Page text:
Since the Aberdeen western peripheral route fully opened to traffic, on 19 February, anecdotal evidence has been overwhelmingly positive, with many social media users sharing significantly reduced journey times for their commutes.
In line with published guidance, Transport Scotland will undertake an evaluation and consider the impact of the scheme by comparing conditions at year 1, year 3 and year 5 after opening, with the forecasts that were made during the scheme design and development.
Transport Scotland has estimated that the project will cut journey times across Aberdeen by up to half at peak periods, and that it will reduce traffic flow, thereby giving opportunities for greater priority for public transport in order to speed up journeys and improve reliability.
That is also my experience.
There are infrastructure plans for dualling the A96 past Inverurie to Huntly, and a selection of route options are currently being analysed. How are the impact of the AWPR and the projected impact of dualling the railway line between Inverurie and Dyce, as well as the building of a new station at Kintore, being analysed and taken into account?
As part of the design process for the A96 dualling programme, a transport model has been developed that will cover the corridor and surrounding area. The model includes committed schemes that it was anticipated would impact on the A96, including the AWPR and the Aberdeen to Inverness rail improvement work, so the design process takes account of the forecast changes in traffic behaviour caused by those specific schemes.
Nonetheless, now that the AWPR is fully open, and after a period of settling down of traffic behaviour, I assure Gillian Martin that a traffic data collection exercise will be undertaken by Transport Scotland and a comparison made between forecast and actual performance.
The cabinet secretary will know that Transport Scotland’s decision last year to rule out dualling the A96 at Inverurie was based on data from 2017. Given what he just said about the need to use up-to-date data, will he instruct Transport Scotland to revisit that decision on the basis of new data following completion of the AWPR?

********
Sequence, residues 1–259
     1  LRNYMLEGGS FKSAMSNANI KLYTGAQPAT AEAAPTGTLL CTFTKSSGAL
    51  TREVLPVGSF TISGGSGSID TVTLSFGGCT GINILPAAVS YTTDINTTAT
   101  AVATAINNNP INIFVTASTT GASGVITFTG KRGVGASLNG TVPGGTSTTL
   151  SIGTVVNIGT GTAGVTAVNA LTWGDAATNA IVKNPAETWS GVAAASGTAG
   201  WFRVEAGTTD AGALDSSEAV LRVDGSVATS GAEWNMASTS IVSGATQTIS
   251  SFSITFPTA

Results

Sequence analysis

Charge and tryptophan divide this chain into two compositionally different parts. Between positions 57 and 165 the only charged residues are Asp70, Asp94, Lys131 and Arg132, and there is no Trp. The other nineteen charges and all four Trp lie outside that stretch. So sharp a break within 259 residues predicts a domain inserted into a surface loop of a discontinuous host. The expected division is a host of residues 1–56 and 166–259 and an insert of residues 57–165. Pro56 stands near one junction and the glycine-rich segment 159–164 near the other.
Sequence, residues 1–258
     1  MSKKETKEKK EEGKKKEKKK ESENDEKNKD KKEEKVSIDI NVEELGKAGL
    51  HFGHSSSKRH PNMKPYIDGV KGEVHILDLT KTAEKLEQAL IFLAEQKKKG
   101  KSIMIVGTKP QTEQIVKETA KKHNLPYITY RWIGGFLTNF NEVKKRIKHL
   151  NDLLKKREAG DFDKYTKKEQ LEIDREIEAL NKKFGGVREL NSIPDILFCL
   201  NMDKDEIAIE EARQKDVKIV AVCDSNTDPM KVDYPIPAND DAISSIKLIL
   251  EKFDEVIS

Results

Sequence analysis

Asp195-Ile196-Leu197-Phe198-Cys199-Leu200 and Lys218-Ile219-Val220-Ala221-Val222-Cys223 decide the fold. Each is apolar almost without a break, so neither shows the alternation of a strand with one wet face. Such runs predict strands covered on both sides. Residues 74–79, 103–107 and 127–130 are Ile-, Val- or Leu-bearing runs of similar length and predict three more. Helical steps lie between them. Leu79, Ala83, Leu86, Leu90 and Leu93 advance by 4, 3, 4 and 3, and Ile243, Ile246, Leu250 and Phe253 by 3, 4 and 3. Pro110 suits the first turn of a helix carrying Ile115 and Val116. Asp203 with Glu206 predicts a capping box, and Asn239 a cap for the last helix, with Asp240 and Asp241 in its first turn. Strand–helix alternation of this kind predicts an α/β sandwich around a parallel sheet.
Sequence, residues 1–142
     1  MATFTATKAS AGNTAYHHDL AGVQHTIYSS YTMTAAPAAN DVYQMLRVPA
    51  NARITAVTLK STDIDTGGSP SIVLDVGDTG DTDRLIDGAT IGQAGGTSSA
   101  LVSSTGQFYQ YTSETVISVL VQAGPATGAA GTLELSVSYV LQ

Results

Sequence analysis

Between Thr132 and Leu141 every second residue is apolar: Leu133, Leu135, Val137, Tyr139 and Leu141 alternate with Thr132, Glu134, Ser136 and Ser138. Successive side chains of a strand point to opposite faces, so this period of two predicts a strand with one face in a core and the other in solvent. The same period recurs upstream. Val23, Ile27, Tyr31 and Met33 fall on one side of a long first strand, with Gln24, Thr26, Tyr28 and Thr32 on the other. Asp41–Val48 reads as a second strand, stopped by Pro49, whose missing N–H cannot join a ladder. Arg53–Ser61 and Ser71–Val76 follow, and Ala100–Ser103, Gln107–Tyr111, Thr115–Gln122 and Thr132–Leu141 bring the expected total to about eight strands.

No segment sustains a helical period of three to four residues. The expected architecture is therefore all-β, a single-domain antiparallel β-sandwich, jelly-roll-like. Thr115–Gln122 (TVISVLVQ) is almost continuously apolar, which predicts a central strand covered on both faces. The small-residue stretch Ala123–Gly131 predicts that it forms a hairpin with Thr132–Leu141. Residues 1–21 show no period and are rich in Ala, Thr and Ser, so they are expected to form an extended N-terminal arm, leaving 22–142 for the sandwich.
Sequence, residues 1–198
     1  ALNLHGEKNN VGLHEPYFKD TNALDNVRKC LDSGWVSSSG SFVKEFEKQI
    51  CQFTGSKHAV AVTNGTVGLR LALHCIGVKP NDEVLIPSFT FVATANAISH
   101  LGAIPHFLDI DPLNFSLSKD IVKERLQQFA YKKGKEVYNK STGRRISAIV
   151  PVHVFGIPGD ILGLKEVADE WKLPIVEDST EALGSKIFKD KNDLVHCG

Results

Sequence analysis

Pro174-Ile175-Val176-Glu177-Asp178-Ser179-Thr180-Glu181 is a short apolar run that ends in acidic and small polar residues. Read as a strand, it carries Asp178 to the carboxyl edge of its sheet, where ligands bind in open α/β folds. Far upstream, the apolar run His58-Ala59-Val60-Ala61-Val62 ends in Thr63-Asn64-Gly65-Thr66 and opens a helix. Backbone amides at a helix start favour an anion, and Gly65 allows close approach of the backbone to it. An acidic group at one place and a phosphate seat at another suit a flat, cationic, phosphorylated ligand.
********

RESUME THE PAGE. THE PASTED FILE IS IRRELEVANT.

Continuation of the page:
From the meeting that I had with Lewis Macdonald and the subsequent letter that I wrote to him, he is well aware of the reasons for Transport Scotland taking the options for routes that it has set down. My letter to him sets out in detail the approach that Transport Scotland has taken, and it explains the data that was used to inform the approach.
Lewis Macdonald will be aware that there are specific constraint issues about the online upgrading option. Undertaking a project of the nature of dualling the A96 results in significant disruption and challenges. Those issues have been given due consideration, and we will continue to consult on that, as we go forward with the routes that have been proposed by Transport Scotland.
The opening of the AWPR seems to have increased traffic travelling further north towards Peterhead, which raises questions about dualling the A90 beyond Ellon and the safety measures at the Toll of Birness. Does the cabinet secretary have any plans for those two vital projects?
Liam Kerr will be aware that we have started the process of establishing the strategic transport projects review—STPR—2, which will look at the wider road network in Scotland with regard to future investment choices and options. Those projects will be considered in that process.